The PT has not solved the roots of Brazil’s social and economic problems in their over 13 years in power. At the start of Lula’s presidency in 2003, widespread famine in north and northeast Brazil was driving waves of starving villagers into the towns, ransacking stores and markets so they could find something to eat. In that sense, it is true that social programs like Bolsa Família and PRONAF could appear to relieve the worst manifestations of poverty in the countryside and urban favelas.
However, these social programs were not accompanied by national industrialization and comprehensive land reform. They thus became open to attack and began to falter especially after the 2014 recession (during Dilma’s second government). The ruling system simply reasserted its underlying rottenness, with mass famine, starving people, widespread child labor, and other extreme forms of poverty becoming worse than ever.
These systemic factors made Dilma’s other programs, such as her anti-corruption campaign, also susceptible to a reactionary backlash that led to her being ousted via impeachment—actually a US-instigated “soft” coup d’etat. Temer, who replaced Dilma, proceeded to transition to a more pro-US, pro-oligarchic, and pro-fascist stance.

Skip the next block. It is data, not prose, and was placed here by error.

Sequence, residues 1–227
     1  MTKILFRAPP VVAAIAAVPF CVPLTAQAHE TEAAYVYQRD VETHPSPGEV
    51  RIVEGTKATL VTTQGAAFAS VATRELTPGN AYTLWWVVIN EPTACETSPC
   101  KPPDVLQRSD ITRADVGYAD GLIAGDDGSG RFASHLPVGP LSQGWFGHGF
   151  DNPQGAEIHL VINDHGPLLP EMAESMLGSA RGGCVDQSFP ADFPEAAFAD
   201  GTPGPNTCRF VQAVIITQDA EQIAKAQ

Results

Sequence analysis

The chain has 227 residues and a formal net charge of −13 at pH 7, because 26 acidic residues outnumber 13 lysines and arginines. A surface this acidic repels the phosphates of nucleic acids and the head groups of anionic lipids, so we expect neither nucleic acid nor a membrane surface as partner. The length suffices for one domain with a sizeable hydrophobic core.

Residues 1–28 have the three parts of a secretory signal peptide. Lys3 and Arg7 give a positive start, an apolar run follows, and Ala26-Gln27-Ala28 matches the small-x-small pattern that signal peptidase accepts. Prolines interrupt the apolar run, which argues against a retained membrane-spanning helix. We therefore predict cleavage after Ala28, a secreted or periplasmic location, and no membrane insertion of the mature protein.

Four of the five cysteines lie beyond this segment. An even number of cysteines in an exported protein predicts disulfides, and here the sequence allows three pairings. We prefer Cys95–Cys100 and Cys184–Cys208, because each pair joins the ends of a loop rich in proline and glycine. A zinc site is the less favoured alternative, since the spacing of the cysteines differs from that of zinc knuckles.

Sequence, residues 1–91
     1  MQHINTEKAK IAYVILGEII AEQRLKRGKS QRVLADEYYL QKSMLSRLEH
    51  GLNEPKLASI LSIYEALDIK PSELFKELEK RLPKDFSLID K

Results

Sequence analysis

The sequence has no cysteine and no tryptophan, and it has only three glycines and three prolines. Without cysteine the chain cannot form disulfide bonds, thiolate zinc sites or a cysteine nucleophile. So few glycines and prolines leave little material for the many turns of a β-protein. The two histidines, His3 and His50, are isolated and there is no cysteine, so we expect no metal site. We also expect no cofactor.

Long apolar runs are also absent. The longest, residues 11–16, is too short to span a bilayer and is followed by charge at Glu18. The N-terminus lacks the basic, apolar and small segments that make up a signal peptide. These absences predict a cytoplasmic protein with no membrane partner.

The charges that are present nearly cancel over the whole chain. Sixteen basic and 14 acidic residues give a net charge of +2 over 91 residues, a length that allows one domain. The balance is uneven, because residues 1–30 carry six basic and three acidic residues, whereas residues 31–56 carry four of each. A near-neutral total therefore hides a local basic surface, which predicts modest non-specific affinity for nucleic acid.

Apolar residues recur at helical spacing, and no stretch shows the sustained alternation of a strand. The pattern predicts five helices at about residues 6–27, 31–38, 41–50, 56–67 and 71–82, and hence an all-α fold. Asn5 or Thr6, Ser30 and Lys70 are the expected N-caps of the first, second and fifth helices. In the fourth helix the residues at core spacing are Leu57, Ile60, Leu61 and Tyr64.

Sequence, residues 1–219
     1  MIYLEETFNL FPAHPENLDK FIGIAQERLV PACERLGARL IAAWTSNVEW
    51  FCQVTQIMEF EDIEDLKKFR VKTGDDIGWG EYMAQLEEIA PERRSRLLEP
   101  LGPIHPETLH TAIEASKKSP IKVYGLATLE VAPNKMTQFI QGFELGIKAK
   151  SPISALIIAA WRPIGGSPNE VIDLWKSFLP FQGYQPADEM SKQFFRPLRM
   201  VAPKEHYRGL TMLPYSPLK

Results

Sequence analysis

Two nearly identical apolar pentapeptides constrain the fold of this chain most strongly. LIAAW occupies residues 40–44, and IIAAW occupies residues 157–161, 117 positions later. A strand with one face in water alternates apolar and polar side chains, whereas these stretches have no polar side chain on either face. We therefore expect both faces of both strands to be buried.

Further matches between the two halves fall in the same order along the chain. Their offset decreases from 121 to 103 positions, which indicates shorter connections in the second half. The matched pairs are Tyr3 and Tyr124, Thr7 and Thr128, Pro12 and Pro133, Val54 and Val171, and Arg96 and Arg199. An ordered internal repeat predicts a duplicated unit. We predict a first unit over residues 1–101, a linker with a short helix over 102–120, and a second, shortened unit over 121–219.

At the same time, the US-backed oligarchy intensified their anti-PT campaign, blaming the PT exclusively for the worsening corruption, economic mismanagement, and criminality. Haddad’s campaign fell into the trap and admitted PT’s role in Brazil’s worsening problems, while the deep roots of these problems—which date back to at least the 1970s at the time of the long fascist dictatorship—were not exposed.
The ILPS stands in solidarity with the people of Brazil who must now confront and fight the fascist US-Bolsonaro regime and defend national sovereignty, democracy and all the people’s rights. It is the sacred duty to themselves that the people of Brazil wage all necessary forms of revolutionary struggle against the scourge of imperialism and fascism.
They must defeat within Brazil the epidemic of fascism in order to contribute to the revolutionary struggle of the world proletariat and people to stop the spread of this malignancy. This is but a manifestation of the disintegrating world capitalist system and is the prelude to the great resurgence of the national liberation movements and the world proletarian-socialist revolution. ###